As competing bills designed to save the U.S. Postal Service are debated in Congress, the postmaster general on Wednesday issued a reprieve for rural post offices.
Postmaster General Patrick Donahoe said the agency was backing down from a plan to close 3,700 post offices after May 15, after hearing strong community opposition in public meetings.
Instead, the Postal Service will reduce full-time employees in the low-revenue locations, and more than 13,000 post offices will reduce their hours, being open from two hours to six hours per day.
Keeping his post office open is what Paul Duncan, of Crestline, Kan., wants. On Monday, he seemed almost resigned to it being closed.
“Our little town, it’s one of the last pieces of our identity left,” Duncan said.
He said that when U.S. Rep. Lynn Jenkins, R-Kan., and U.S. Sen. Jerry Moran, R-Kan., were in Crestline for a public hearing on the proposed post office closure, he told them that he would rather see the government subsidize the Postal Service than subsidize big oil companies.
“This is a vital service,” Duncan said.
Kim Henson, of Crestline, said she felt the same.
“For Crestline, there’s nothing here but our little post office,” she said.
She and Duncan said the post office serves as a community meeting place, where residents can catch up with one another and discuss community news.
“We like our little post office,” Henson said.
Besides Crestline, area post offices in Kansas slated for closure were in Frontenac, Opolis and West Mineral. Area Missouri post offices on the closure list were in Avilla, Wentworth, Deerfield and Metz.
Most of those on the closure list and many more post offices are slated for reduced hours. In Missouri, those include Carterville, Asbury and Oronogo. In Kansas, post offices on the list for reduced hours include those in Cherokee, Scammon and St. Paul. Oklahoma post offices on the list include those in North Miami, Commerce and Bluejacket.
The plan doesn’t rule out future post office closures, but the statement reads that rural post offices will remain open unless a community has a strong preference for one of the alternative options. The options include village post offices located in stores and merging nearby post offices.
The new plan includes a voluntary early retirement incentive for more than 21,000 postmasters.
The overall strategy will be phased in over two years, to be completed in September 2014. It is estimated to save $500 million annually. The agency has projected a record $14 billion loss by the end of the year.
In addition, the agency plans to announce new changes next week regarding its proposal to close about 250 mail processing centers, including the one in Springfield.
U.S. Rep. Billy Long, R-Mo., said he was pleased with the announcement and that he had proposed last year making across-the-board cuts rather than closing post offices altogether.
“I think they’re headed down the right path now,” he said Wednesday in a phone interview.
Apart from the announcement, bills addressing the Postal Service’s financial shortfalls are being debated in Congress. The Senate last month passed a bill that would return to the Postal Service $11 billion in overpayments to federal pension funds, providing short-term financial relief. It also would place restrictions on future post office closures. It had the support of Missouri Sens. Claire McCaskill and Roy Blunt, and Kansas Sens. Moran and Pat Roberts. Oklahoma Sens. Jim Inhofe and Tom Coburn both voted against it.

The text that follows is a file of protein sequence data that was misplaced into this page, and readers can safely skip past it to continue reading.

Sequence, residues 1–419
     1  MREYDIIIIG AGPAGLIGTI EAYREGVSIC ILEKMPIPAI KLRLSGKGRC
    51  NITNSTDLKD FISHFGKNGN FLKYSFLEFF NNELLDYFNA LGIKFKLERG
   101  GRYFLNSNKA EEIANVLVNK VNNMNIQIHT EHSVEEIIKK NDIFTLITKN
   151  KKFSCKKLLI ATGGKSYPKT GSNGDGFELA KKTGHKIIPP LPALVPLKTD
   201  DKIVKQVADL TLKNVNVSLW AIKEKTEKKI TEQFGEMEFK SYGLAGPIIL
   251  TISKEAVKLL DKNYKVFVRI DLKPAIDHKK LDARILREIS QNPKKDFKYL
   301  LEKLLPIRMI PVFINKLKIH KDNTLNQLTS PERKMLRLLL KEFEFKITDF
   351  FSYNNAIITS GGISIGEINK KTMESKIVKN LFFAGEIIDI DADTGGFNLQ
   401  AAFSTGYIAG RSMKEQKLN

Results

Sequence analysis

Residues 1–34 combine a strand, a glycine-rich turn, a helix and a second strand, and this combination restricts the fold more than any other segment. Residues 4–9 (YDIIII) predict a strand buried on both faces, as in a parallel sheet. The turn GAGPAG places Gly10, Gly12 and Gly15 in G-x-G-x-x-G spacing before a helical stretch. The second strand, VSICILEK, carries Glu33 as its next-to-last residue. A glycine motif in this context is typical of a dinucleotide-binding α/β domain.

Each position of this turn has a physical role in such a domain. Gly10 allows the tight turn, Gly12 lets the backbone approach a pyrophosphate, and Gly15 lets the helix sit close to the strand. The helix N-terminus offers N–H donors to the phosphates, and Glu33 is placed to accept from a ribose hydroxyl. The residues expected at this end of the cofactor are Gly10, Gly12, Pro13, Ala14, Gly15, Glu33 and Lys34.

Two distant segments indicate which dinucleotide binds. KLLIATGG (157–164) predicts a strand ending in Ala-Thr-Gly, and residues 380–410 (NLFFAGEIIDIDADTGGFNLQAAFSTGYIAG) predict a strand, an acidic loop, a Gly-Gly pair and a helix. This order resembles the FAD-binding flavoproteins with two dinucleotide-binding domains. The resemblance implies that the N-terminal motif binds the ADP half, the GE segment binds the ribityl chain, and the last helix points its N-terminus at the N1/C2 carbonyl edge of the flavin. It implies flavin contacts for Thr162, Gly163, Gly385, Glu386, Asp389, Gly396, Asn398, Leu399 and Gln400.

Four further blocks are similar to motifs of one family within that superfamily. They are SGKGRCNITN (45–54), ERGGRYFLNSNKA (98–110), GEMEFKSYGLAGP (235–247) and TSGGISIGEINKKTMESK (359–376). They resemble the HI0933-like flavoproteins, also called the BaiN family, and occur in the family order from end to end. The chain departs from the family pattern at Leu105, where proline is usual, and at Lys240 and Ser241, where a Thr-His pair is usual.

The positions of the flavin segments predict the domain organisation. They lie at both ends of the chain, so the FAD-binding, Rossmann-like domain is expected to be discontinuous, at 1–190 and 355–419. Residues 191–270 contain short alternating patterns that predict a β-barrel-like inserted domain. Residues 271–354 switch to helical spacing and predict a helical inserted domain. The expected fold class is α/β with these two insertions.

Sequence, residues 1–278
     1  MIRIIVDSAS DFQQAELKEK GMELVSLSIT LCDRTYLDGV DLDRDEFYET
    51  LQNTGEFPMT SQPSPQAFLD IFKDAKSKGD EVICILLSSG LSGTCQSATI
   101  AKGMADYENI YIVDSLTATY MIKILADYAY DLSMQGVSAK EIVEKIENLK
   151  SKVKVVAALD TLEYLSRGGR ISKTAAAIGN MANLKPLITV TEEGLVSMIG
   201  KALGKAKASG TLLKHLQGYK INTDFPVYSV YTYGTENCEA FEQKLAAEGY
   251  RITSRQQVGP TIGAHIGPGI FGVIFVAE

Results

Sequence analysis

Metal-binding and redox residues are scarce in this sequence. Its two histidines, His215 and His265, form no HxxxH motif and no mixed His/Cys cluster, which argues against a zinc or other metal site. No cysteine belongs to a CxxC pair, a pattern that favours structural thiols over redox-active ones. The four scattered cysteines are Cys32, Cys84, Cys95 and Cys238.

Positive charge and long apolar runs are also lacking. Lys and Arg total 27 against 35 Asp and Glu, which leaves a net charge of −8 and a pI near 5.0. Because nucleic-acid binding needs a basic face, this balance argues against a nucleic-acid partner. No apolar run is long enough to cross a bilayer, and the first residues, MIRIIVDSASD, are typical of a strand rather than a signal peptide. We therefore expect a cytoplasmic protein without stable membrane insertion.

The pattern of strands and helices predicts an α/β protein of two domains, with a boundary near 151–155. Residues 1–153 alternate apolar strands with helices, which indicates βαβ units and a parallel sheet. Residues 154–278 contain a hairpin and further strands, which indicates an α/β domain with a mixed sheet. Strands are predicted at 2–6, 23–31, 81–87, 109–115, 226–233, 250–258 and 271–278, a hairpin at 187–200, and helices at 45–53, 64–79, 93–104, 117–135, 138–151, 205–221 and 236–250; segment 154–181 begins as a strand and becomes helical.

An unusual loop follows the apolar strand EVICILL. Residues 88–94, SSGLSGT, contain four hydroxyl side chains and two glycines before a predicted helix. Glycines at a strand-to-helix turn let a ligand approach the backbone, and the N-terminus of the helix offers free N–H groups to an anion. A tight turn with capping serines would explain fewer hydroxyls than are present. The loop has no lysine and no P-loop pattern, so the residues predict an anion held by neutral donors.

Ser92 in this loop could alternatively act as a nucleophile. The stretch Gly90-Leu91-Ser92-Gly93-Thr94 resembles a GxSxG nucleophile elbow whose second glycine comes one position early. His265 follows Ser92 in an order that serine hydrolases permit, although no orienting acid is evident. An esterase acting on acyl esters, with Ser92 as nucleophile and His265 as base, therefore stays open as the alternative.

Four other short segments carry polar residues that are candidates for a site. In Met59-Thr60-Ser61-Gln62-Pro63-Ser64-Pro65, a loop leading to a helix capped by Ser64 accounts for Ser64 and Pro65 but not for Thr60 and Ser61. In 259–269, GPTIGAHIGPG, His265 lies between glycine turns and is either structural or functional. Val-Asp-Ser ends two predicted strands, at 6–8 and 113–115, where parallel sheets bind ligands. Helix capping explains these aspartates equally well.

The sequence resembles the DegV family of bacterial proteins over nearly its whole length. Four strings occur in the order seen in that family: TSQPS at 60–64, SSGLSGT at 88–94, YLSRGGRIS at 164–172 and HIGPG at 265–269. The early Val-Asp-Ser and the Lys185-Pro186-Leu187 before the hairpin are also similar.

McCaskill said Tuesday in a phone interview that the Senate bill had widespread bipartisan support.
“It puts pressure on the leadership in the House to take action,” she said.
So far, the House hasn’t acted.
Jenkins is co-sponsor of a House bill that her spokesman said would correct the Postal Service’s overpayment to the federal government, allowing it to transfer surplus contributions that were made to the Civil Service Retirement and Disability Fund to the Postal Service Retiree Health Benefits Fund.
“Congresswoman Jenkins understands that for generations post offices have been Main Street anchors to our rural communities and believes those anchors, as well as six-day delivery, should largely be preserved,” Jenkins spokesman Sean Fitzpatrick said in an email.
He said Jenkins wasn’t familiar with the Senate bill because she was focused on the House bill.
Sally Davidow, spokeswoman for the American Postal Workers Union, said the bill Jenkins is sponsoring has bipartisan support. She said it would result in a refund to the Postal Service of $50 billion to $75 billion that resulted from inequities in the funding formula for the Civil Service Retirement System.
“The House bill would give the Postal Service the money to thrive in the future,” Davidow said. “The Senate bill would give it the money to fight another day.”
She said the Senate bill is a short-term fix and doesn’t go far enough.
There’s also another House bill being debated.
“That bill would destroy the Postal Service,” Davidow said. “It would cut $3 billion and close more post offices and service centers than the Postal Service already had planned to close.”
McCaskill said the Senate bill places the Postal Service in a much better fiscal footing than it is in now. She said her priorities are keeping rural post offices open and maintaining six-day delivery. She said she is willing to compromise with any House bill that accomplishes that.
“We need to create a business model for the Postal Service that makes it work for everybody,” McCaskill said.
Long said he thinks it’s likely that some combination of the Senate bill and the House bill that has bipartisan support would get final approval.